Again, the majority of municipalities were within five per cent of Edmonton as a baseline and the survey looked at a breakfast, lunch, dinner, snacks and take out meals in each community.

Sage Bistro owner Todd Kunst said while he could not speak specifically to the survey results, using a sample pool of five different meals in a small town cannot be used to generalize overall cost of restaurant meals.

Kunst also pointed out that a higher cost of living in this case could be said to lead to a higher cost in restaurants.

“Generally speaking, with a higher cost of living in Canmore than other towns and regions, we deal with having to subsidize employees’ cost of living through wages,” he said. “With the cost of housing, rent (both commercial and residential) and higher municipal taxes than other towns, it naturally costs more to do business.”

Another important factor for Canmore is the caliber of dining options, which Kunst said is far superior to many of the other communities included in the survey.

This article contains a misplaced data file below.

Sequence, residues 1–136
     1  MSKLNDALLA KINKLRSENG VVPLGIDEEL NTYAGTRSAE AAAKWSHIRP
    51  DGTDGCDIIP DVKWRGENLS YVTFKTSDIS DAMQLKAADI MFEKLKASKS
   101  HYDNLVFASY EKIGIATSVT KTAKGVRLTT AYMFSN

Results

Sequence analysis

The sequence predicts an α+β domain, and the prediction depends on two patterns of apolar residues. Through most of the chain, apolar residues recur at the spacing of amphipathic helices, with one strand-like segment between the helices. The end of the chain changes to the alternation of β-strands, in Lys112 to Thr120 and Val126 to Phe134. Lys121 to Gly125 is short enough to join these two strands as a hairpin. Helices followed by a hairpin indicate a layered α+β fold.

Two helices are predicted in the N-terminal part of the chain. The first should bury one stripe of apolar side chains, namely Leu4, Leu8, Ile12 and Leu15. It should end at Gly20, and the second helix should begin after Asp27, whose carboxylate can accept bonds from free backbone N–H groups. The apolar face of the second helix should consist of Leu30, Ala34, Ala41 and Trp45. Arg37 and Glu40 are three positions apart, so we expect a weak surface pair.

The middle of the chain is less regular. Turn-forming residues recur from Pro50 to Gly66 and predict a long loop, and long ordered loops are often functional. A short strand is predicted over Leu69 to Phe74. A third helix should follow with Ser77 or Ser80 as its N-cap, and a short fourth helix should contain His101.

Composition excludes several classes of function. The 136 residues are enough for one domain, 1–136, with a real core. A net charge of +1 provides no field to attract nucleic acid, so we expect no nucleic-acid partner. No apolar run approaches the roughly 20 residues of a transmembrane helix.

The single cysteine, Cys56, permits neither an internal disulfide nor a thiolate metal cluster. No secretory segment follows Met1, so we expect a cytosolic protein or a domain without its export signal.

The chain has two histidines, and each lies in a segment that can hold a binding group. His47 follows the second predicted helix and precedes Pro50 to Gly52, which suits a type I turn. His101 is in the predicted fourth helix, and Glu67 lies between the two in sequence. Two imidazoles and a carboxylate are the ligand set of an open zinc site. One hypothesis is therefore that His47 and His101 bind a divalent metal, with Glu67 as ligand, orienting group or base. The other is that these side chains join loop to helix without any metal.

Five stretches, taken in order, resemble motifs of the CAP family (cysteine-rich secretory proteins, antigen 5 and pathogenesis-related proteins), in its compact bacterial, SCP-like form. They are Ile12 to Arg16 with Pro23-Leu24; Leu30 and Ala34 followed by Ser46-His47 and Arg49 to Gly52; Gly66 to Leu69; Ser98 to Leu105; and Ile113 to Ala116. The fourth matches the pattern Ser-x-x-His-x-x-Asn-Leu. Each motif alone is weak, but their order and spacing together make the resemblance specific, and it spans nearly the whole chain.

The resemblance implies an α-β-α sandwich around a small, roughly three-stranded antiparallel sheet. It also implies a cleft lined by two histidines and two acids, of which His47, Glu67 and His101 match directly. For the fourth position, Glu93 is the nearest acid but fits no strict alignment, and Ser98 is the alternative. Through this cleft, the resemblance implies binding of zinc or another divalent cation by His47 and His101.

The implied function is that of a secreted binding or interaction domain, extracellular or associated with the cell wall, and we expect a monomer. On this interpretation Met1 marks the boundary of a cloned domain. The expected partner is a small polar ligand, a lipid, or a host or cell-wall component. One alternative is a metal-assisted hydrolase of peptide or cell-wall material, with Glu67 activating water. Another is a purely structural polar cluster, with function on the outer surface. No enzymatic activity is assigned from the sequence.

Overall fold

“This reflects the uniqueness of Canmore and its draw for visitors and locals alike,” he said. “This is probably the most misleading point of the survey in my opinion.

“I think that we are very lucky as locals to have such a variety of family-run independent restaurants for a town our size and we also have the opportunity to showcase this to our visitors from around the world.”

According to the report, Canmore is the most expensive for: recreation and leisure, transportation, clothing, personal care products, household equipment, meat, fish, poultry and substitutes, frozen and packaged foods.

It did not rank most expensive for utilities, household supplies, household services, fresh fruit and vegetables, dairy, fats and oils, cereals and breads, processed fruits and vegetables.

Utilities were the only index item that had a score lower than Edmonton.

To view the report in its entirety, go to